I often think back to my University years, when I worked as a landscaper during the summer months. As you might expect, our crew was divided up according to the tasks that needed to be done. The desired jobs were to drive the tractor lawn mowers or to be a part of the group that drove around watering all the flowers. The less desirable jobs were operating the push-mowers or carrying around a heavy-duty gasoline trimmer all day.
What made things interesting is that our boss would frequently have us switch jobs, mid-day, according to how well he thought we were working. At a moments notice our boss had the ability to promote us from a difficult job to a desirable job. Similarly, he could just as easily take away our plush job and give us something much more challenging to do.
Reminding us of this reality was his bright red truck, which circulated through the properties we maintained. If we began to take our current position for granted, all we needed was a glimpse of that red truck to help us regain our focus.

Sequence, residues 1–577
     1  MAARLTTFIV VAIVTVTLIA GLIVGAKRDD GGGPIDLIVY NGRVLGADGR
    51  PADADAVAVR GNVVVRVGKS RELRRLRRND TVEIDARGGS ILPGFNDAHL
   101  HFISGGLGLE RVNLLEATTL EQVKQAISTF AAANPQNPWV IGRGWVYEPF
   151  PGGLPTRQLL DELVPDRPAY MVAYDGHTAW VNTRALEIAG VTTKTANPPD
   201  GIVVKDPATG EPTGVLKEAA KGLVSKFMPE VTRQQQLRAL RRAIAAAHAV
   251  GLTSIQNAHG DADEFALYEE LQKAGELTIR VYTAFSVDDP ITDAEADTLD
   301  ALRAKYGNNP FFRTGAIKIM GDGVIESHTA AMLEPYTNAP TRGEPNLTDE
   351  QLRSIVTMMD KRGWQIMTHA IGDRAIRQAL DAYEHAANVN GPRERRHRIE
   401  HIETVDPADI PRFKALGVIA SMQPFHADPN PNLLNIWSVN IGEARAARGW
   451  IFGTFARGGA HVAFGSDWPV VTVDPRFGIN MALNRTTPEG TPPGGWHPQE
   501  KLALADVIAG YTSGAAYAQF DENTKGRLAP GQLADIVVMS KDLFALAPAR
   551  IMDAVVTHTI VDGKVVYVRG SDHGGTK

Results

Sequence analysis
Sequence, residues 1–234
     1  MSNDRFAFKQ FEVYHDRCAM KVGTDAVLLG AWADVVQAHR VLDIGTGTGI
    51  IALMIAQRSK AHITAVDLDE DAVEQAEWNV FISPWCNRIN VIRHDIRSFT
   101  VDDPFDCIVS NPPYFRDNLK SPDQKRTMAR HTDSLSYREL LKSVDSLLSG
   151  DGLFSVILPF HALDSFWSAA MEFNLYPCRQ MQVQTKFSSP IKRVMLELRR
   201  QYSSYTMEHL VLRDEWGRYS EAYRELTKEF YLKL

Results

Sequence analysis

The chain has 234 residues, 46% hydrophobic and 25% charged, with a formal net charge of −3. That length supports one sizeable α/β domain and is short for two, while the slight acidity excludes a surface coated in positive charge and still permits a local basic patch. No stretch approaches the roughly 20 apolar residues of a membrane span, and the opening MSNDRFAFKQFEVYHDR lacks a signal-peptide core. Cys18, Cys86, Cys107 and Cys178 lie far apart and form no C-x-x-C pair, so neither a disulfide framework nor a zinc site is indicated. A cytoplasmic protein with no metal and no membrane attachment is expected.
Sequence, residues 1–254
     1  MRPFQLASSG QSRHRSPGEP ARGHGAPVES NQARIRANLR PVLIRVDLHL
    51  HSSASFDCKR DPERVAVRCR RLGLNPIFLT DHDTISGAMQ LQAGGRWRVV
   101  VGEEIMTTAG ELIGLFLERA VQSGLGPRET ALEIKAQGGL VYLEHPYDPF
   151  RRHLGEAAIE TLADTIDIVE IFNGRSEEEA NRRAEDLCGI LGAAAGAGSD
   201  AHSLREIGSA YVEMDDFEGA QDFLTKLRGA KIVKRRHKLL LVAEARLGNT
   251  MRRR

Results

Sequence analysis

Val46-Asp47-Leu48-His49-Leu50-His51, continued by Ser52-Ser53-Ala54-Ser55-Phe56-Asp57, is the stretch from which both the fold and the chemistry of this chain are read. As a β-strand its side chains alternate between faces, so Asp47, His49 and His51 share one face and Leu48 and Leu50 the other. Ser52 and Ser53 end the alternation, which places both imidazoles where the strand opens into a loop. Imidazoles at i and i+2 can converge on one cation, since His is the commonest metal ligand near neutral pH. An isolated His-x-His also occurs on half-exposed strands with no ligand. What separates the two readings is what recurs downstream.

Now, my point is not to say that God is like a demanding boss in a red truck. But rather, my point is that because we are prone to take our privileged position for granted, we need reminders to motivate our devotion. Fortunately or unfortunately, God does not drive around in a red truck reminding us throughout the day that we need to prioritize our relationship with Him.
But God does provide us with His written Word, which challenges us and reminds us of the nature and status of Jesus Christ—the Scriptures remind us that Christ is the sovereign ruler over all of creation.
Secondly, as we seek further motivation for prioritizing God and His kingdom we would be wise to consider the status we have once we receive Christ.
Thankfully, not everyone rejected Christ—there were some who did recognize the light and so John reports that “as many as received Him, to them He gave the right to become the children of God” (1:12).